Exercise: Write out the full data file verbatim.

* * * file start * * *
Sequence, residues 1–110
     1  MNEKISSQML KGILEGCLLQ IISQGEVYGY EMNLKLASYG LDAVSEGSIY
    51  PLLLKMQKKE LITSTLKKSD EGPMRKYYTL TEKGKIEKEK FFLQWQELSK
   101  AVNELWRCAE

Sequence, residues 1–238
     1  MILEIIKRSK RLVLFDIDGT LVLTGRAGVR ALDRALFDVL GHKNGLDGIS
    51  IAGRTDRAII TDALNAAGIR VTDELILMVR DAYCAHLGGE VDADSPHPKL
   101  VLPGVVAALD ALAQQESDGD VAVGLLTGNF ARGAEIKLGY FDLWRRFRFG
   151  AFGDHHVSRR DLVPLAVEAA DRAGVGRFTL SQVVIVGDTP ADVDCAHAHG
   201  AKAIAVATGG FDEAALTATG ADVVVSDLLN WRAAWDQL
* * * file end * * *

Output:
Sequence, residues 1–110
     1  MNEKISSQML KGILEGCLLQ IISQGEVYGY EMNLKLASYG LDAVSEGSIY
    51  PLLLKMQKKE LITSTLKKSD EGPMRKYYTL TEKGKIEKEK FFLQWQELSK
   101  AVNELWRCAE

Sequence, residues 1–238
     1  MILEIIKRSK RLVLFDIDGT LVLTGRAGVR ALDRALFDVL GHKNGLDGIS
    51  IAGRTDRAII TDALNAAGIR VTDELILMVR DAYCAHLGGE VDADSPHPKL
   101  VLPGVVAALD ALAQQESDGD VAVGLLTGNF ARGAEIKLGY FDLWRRFRFG
   151  AFGDHHVSRR DLVPLAVEAA DRAGVGRFTL SQVVIVGDTP ADVDCAHAHG
   201  AKAIAVATGG FDEAALTATG ADVVVSDLLN WRAAWDQL